[Socrates is a total trip.  I was first introduced to the Ancients in high school and continued to learn from and be amazed by them through my undergraduate Political Science work.  Their ideas are so grand in the sense that they encompassed such a vast expanse of life and thought.  More on that later, perhaps.]

I like to borrow knowledge from other people.  I think that’s where part of the knowledge’s power come from: transferability.  Or maybe communicability.  Some of the most powerful viruses are the ones that be transmitted from one host to the next with relative ease.  That’s not to say that knowledge is a disease, but more of a helpful bacteria like gut flora or the stuff in kefir.  Anyway, knowledge is great and I love to read.  I’ve put together a list of books that are really awesome non-fiction resources for self-reliance (see previous post) and I would fully recommend them to anyone who’s interested in being in control of more aspects of their life.  I have provided links to author’s blog when applicable.  I have also provided an opportunity to support your local bookstore and explore your local library by not including links to big-name retailers.  Here are the books in no particular order:

The Scavengers’ Manifesto


My wife got this and the next book as a present for me on a whim and I’ve thoroughly enjoyed both.  There were a couple of harsh reviews on Amazon about this one, but what I think is great is that it helps you to change your mindset on the economic cycle and our nation’s obsession with new stuff that is quickly discarded (but not very biodegradeable).  I think it’s worth the read, whether you scavenge it or not.  The writers also have a wordpress blog at scavenger.wordpress.com that it a great expansion on the book’s information.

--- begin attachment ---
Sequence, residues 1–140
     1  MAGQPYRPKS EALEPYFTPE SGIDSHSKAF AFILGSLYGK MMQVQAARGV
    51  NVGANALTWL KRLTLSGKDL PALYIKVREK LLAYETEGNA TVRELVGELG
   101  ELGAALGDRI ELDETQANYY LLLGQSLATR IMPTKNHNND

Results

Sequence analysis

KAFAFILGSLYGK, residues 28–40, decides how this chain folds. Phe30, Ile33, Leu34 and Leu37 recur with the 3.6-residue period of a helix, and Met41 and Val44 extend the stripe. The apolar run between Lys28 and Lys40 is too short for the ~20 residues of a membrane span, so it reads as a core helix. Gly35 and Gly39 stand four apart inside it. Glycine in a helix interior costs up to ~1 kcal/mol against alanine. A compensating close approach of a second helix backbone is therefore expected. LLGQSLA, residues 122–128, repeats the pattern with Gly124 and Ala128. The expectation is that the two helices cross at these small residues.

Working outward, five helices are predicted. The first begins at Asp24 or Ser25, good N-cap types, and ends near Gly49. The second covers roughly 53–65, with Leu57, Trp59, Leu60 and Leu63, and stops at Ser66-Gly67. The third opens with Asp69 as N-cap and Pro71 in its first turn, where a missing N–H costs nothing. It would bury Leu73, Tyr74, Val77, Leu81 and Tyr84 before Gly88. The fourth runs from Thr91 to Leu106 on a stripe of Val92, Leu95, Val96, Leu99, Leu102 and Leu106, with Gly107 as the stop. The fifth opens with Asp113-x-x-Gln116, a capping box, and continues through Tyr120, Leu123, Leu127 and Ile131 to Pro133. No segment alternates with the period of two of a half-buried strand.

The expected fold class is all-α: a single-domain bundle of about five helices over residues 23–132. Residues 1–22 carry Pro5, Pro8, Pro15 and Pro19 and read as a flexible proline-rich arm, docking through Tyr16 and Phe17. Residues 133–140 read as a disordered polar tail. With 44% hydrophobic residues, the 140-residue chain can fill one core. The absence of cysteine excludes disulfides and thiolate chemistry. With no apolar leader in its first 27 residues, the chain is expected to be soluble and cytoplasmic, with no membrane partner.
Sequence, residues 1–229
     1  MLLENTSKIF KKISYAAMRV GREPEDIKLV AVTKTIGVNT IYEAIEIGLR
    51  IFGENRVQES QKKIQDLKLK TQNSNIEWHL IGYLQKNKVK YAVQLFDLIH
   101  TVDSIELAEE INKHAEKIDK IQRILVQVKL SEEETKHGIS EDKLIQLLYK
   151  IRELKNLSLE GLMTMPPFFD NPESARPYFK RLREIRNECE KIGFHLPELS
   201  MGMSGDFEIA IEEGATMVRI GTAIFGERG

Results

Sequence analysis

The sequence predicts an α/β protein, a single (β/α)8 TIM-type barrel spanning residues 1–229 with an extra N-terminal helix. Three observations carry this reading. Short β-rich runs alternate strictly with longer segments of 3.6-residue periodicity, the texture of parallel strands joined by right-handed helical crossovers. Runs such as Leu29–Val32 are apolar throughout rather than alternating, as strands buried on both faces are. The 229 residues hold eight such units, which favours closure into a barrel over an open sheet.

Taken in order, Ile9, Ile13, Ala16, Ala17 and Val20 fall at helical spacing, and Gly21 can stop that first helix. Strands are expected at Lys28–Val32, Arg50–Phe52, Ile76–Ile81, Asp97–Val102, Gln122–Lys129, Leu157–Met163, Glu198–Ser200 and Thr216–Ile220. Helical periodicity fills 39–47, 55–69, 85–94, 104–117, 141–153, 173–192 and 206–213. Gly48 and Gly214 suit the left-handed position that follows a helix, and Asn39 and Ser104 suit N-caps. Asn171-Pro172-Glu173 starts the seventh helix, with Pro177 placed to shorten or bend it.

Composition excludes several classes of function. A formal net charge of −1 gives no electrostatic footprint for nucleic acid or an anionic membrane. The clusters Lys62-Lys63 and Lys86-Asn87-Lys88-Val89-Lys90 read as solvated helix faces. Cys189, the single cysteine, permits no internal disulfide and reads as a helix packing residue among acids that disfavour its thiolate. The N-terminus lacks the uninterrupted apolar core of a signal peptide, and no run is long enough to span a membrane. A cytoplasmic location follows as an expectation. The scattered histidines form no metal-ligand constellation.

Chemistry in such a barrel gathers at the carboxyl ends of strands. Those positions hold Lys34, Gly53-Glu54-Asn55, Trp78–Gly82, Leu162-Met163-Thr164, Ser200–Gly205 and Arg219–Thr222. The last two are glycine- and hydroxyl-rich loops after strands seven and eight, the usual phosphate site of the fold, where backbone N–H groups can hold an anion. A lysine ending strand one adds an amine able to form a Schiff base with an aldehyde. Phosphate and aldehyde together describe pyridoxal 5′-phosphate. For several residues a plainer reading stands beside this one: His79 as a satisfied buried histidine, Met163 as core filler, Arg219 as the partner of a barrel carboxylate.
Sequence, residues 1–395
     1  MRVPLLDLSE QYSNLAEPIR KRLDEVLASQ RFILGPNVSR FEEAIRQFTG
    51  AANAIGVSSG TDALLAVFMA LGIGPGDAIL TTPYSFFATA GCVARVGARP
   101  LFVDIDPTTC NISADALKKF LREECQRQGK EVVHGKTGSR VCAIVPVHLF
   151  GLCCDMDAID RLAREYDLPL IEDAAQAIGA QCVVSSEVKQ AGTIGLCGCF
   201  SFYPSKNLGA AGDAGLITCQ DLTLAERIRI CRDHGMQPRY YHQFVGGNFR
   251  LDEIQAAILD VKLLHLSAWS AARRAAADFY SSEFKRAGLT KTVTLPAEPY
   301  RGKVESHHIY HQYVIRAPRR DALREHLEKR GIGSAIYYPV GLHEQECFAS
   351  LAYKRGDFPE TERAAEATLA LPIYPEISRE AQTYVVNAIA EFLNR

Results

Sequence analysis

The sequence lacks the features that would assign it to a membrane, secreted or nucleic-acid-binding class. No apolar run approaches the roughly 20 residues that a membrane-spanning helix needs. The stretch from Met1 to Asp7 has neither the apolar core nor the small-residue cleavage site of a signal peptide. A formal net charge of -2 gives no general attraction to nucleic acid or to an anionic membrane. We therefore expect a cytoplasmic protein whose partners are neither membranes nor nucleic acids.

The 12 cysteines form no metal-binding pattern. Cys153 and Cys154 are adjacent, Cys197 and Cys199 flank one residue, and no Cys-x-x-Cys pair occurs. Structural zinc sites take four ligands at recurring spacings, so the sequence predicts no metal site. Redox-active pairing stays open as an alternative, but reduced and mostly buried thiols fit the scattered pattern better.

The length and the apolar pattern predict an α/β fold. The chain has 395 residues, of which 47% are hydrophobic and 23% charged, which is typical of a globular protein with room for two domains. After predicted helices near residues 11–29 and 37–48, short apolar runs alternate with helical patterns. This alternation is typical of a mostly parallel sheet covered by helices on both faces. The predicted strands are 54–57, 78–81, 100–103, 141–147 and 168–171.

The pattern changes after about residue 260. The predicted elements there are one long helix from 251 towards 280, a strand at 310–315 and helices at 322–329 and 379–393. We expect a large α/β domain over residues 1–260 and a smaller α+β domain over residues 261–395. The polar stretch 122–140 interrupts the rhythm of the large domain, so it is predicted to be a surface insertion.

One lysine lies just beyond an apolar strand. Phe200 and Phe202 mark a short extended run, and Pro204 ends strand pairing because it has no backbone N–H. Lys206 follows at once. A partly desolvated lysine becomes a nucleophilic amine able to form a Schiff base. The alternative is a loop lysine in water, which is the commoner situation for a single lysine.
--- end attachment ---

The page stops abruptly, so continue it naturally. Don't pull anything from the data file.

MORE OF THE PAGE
Green Barbarians: Lively Bravely on Your Home Planet

green barbs

This one is a mind-blowing dive into the corrupt and misleading world of.. everything really.  The book is well-organized into sections like the “The Barbarian Body” and “At the Barbarian’s Table” which discuss the dangers of and alternatives to conventional deodorants and soaps to the disturbingly damaging effects of soy on the human body, “Barbarian Pets” and “Little Barbarians” which, amongst other things, discuss the dangers that our children and pets are being exposed to just so corporate fat cats can continue to wear their human leather and drink dinosaur blood or something (this last part is from my mind, not the book).  Definitely an informative and thought-provoking read.

Possum Living

possum living

One of the most ground-shaking non-fiction books I’ve read, Possum Living, is a somewhat-biographical passing of homestead knowhow and general information.  Freed is the name the author adopted after she and her father essentially went of the grid.  They lived relatively comfortably on just short of $1500 a year in the 1970s by raising chickens and rabbits, fishing, burning wood for heat, gardening and preserving.  One of the standout parts for me included cures for common ailments, most of which involve homemade spirits and a run.

Backyard Lumberjack


Backyard Lumberjack is awesome because it not only tells you how to cut down a tree, but how to identify what kind of tree it is, what it’s best used for, and what kind of axe you need to fell it.  There are also a lot of great tips on buying chainsaws and gear.  It’s good for a look and father-and-son team Frank and Stephen Philbrick did a great job organizing and writing it.  I even flip through it sometimes without purpose because the photos are fantastic.

Building With Secondhand Stuff